While coilovers might be the attractive option to go with, they still do not address the different angles in the suspension induced by lifting that compromise handling characteristics. To appropriately address these, you need to get those control arm angles under control and get your alignment specs back to the OEM-specified parameters. Depending on how far you want to go with suspension lift, you often can get pretty close by getting a simple alignment at your nearest tire shop. The techs will take measurements of your vehicle’s suspension angles, compare them to the OE spec sheet and adjust the camber and steering links. To really dial in another key measurement –– caster –– you need to add aftermarket upper-control arms that have adjustments built in or are adjustable, to zero in on those specifications.

Coilover kits also are available for those wanting to lift beyond the standard 3” faire, by utilizing a drop suspension bracket. The drop brackets are full cradles that attach themselves to the underside of the frame rails and allow you to drop the front differential lower down to alleviate the angles being placed upon the CV shafts. Remember, correcting your suspension component angles back as close as you can to the OEM specifications should be your No.1 goal, so if you are wanting to go sky-high, consider if you need to work up to a drop bracket kit. These should generally be avoided however, as that bracket causes loss of ground clearance, and you are back to rubbing your belly all over the rocks you just tried to get off of.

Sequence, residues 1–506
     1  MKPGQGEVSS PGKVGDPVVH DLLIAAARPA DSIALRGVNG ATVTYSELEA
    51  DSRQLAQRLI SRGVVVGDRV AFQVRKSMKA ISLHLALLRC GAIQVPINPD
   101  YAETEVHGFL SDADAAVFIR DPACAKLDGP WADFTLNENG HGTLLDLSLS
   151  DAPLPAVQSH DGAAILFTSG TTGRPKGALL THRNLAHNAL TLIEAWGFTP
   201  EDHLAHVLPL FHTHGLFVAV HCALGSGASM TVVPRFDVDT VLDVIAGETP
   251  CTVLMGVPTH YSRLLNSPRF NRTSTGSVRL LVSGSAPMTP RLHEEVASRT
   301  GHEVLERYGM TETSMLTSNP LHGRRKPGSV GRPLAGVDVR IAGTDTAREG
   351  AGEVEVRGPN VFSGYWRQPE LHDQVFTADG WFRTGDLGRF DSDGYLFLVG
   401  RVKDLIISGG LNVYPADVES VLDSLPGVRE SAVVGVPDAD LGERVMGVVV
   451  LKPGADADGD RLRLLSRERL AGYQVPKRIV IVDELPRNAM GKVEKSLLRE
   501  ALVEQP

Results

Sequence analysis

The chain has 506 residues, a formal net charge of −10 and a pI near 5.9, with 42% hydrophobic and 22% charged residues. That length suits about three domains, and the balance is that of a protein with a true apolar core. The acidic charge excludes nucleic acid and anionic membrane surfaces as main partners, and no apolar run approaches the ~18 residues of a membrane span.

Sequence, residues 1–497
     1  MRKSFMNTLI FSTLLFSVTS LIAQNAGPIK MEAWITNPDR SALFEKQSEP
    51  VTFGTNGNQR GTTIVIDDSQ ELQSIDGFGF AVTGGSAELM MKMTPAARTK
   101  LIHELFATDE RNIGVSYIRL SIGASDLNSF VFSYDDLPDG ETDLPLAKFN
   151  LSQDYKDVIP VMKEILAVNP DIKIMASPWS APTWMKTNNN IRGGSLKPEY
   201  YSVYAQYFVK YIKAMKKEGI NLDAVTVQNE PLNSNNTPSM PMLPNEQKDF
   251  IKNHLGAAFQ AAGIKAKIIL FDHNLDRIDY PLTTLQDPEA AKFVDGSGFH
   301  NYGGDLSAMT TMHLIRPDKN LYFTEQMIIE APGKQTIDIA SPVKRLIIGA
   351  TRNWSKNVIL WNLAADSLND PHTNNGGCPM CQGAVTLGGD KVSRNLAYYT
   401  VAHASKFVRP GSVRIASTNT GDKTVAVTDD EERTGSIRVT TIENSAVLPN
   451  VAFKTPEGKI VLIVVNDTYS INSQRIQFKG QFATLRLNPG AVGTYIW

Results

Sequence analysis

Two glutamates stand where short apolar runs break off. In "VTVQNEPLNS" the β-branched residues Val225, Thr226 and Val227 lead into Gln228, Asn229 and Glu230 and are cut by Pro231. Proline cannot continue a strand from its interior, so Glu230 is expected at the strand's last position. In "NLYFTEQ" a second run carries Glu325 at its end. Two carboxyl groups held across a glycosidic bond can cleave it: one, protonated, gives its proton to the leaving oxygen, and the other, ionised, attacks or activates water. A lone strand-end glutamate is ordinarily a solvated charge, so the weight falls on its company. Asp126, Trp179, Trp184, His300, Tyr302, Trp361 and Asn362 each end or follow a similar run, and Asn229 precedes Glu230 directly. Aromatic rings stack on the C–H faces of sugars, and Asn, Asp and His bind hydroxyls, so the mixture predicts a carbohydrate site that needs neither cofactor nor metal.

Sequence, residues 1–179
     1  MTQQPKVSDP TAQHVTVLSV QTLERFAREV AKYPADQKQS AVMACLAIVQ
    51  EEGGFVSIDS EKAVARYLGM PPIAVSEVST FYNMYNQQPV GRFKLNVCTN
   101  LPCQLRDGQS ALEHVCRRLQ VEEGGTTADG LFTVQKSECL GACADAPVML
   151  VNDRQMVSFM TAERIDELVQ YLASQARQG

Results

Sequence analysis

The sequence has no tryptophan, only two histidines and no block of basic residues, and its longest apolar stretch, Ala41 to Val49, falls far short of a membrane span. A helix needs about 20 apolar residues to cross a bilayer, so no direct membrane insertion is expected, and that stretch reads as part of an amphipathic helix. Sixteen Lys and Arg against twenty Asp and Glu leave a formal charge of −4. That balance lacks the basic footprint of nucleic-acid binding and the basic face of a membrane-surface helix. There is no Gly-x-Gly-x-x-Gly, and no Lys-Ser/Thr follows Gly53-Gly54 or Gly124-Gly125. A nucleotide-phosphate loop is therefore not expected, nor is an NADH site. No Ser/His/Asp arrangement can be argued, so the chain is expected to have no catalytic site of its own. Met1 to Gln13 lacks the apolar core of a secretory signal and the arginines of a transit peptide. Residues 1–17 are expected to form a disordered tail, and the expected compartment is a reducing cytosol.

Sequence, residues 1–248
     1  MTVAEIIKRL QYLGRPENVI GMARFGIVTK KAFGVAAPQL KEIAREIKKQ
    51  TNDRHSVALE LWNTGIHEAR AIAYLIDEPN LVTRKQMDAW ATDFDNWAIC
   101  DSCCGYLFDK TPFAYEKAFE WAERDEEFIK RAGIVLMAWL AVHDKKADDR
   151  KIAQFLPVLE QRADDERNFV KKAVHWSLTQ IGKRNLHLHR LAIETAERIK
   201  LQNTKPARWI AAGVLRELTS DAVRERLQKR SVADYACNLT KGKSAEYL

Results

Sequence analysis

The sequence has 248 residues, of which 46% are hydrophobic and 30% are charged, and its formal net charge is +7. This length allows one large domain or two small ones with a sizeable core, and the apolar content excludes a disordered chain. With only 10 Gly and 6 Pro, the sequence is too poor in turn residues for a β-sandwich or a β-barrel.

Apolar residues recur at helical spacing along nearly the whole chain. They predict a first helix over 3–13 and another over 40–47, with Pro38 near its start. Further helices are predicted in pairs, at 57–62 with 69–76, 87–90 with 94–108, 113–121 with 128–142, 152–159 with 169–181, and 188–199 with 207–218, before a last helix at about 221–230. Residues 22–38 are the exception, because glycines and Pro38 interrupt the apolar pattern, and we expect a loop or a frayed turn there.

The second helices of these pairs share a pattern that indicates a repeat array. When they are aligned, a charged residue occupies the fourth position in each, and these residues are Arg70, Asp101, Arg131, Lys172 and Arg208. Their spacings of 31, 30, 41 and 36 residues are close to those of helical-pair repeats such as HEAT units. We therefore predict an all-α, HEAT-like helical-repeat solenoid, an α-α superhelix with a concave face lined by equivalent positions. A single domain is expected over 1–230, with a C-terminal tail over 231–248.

• Pros: Heavy-duty and race-grade components give you adjustability and are rebuildable. Improved ride and handling dynamics over stock. Increased suspension travel. Go faster, further.
  • Cons: Expensive, complex, and require a working knowledge of suspension dynamics. Drop bracket kits come at expense of ground clearance.